doctor; the two first acts had already been
played, and the curtain was about to rise for
tho third, when Garnier felt a paper between
his fingers; the hand which had held it was
immediately withdrawn, and before ho had
time to turn round to look for the secret mes
senger, he heard the door of the next box close.
The note contained these words :
."Go to the Duchess llohubcrg's masked ball
on Thursday dressed in an Albanian cost nine,
and if one should ask you, 'What do you
want V answer, '1 do not know.' "
Leblanc had hcon invited to this ball; Gar
nier therefore went dressed in the required cos
tume. His impatience had made him nnticb
pate tho customary hour, so that when ho ar
rived there were but few persons present.
After having examined all tho masks who
wore thoro, Frederick took up his position near
the door, to sec tho others as they entered, hop
ing that a chauco would cause him to discovor
the person he expected; but the crowd soon
obliged Ii im to quit this place f ho wan gradu
ally forced to retire to the ' further end of. the
room, and there he determined to wait..
The night .was'' already far advanced; the
dancing had begun to flag, and the guests to
turn their attention towards the supper, which
had been prepared in Uie-3"n<pieting-rooin.
Fatigno'l[-vrjih - the beat and the glare of the
.tights, Frederick, allowed the jqyous crowds
dancers to pass* on. Perceiving ? door ajar,
he pushed it open and passed into a small libra
ry, which was lighted by a single lamp.
He stretched himself on a sofa, as if o\er
.powered by lassitude, and bad beguu to yawn
very comfortably, when ho heard tho tread of a
"light fuotstop; he turned round; a woman, in
a rich Spanish costuiner-stood before him.
'?What do' yo? want said she, in a low
voiccf. (
"I do not.kow."' * * \.
Shrt started and looked anxiously about the
room^ '.'Not so loud sir.'' murmured she.
'.We aye alone, madam."
She .drew ncafer. "Why did , you come to
Vienna. - '
''The young woman drew "back. ciTo find
me ??and why'r"
"For the second time 1 - wUf answer., you.
uiadam. 1 do not know. Your appearance has"
.created such art extraordinary sensation in my
existence, that on perceiving yon again 1 was
.seized with a sort of nervous curiosity to get
at the bbttom of this affair, and 1 resolved to
see you at uny price.'.'
'"Avhaf have..you to*?'usk of mc;?''
"Fverytfofg. madam ; for 1 hasti not been
able to guess a single incident of the tint ma of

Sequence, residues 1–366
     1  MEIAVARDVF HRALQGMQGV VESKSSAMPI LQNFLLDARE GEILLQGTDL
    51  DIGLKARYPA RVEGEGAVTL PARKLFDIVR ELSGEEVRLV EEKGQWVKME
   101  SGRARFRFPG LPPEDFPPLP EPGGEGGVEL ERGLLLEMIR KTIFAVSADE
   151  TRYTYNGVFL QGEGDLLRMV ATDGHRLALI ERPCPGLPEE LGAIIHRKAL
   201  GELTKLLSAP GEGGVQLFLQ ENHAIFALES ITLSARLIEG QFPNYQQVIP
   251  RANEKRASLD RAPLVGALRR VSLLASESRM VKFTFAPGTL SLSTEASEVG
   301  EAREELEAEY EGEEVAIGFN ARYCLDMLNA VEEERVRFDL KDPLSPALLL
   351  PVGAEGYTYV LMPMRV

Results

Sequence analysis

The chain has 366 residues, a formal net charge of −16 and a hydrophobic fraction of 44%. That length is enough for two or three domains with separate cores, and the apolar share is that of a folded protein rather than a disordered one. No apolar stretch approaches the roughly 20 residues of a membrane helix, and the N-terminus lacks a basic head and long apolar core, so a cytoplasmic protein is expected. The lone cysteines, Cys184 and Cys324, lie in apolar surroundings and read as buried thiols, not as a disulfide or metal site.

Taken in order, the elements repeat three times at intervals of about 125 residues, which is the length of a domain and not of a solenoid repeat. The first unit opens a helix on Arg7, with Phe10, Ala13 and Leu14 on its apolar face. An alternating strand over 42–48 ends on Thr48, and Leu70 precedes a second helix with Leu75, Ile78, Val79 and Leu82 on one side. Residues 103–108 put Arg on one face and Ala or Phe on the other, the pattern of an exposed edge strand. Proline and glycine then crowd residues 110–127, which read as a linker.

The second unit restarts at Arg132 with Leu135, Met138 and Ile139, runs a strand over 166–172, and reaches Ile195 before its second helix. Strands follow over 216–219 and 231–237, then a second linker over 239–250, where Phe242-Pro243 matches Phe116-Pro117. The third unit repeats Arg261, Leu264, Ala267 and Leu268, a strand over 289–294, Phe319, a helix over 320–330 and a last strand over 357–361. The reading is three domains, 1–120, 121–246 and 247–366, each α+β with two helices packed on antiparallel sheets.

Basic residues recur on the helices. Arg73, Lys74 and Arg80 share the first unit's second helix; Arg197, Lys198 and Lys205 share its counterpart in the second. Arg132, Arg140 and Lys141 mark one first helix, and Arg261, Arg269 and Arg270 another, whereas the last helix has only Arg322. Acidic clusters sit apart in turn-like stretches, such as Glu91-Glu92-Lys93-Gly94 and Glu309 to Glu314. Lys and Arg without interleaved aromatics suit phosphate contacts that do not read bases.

which you made me a witness?T might almost
say an actor. All ! you have too elevated and
noble a character .not to understand that my
impatience to clear up the mystery which sur
rounds this adventure does not prosced from
idle curiosity,' but from a romantic hope which !
?I had conceived af being Useful to yon. 1 J
wished to speak to you o^i* tho services, you [
have rendered-me ; for I know that th? Vert-'I
mann, who sc^suddeitly gave mo the mqafis of |
connnlssn?n*e?T_D\,"yoii-'i wrtaVS*Tol>K rnr n tfixttv
hazard was. in fiicf. a concealed and well-ar
ranged plot to forte me to accept of a favor ;
but this favor, I wish to know why and on
what conditions it was granted. Was it the
rcocmpcnsc of my silence, or of some service
which 1 had rendered you '"'
'?Both, sir."
"Then 1 refuse it. madam; positively and;
absolutely refuse it." exclaimed Frederick. '
warmly ; "I neither sell my services nor my
"For heaven's sake, sir. listen me?you came '
here, you say. to serve me; let it suffice you to
know that all that has passed is irreparable.? '
that my misery now weighs only upon myself. !
that your presence may ruin but cannot profit ,
me in the least. 1 am a slave chained in the ,
den of a wild beast, who in bis rage would kill
me. 'J in. secret you ask me for, sir, would. 1
j were it known, cost me my life. 0! I beseech
i you. leave Vienna?return into Fr?ue<?von
I do not know the dangers to which you are ex
i posed here?you have already excited the
j count's jealousy?you are watched, beset with
spies. It required the chance and tumult of
this ball to bring about nil interview; perhaps,
even now, is lie sea rolling for me."
Having pronounced these words, thcy'oung
woman looked anxiously around her. Sudden- ;
i ly her eves remained fixed Oil soincthimr at the
j further end of the library. She drew back
with a gesture of terror. Frederick, who bad
eagerly watched all her movements, perceived
in u looking-glass the reflection of si bead peep
ing through the door, which was ajar. lie
I uttered an exclamation of surprise, ami ad
vanced towards tho door; but it suddenly I
opened, and a man dressed in an Armenian cos
tume appeared on the threshold. "1 disturb
you," said he, in a hollow voice.
'1'he stranger drew back, trembling and dis
?'Wind do you want, sir? how flaro you list
en to us? aiked Frederick.
Without making any answer, the Armenian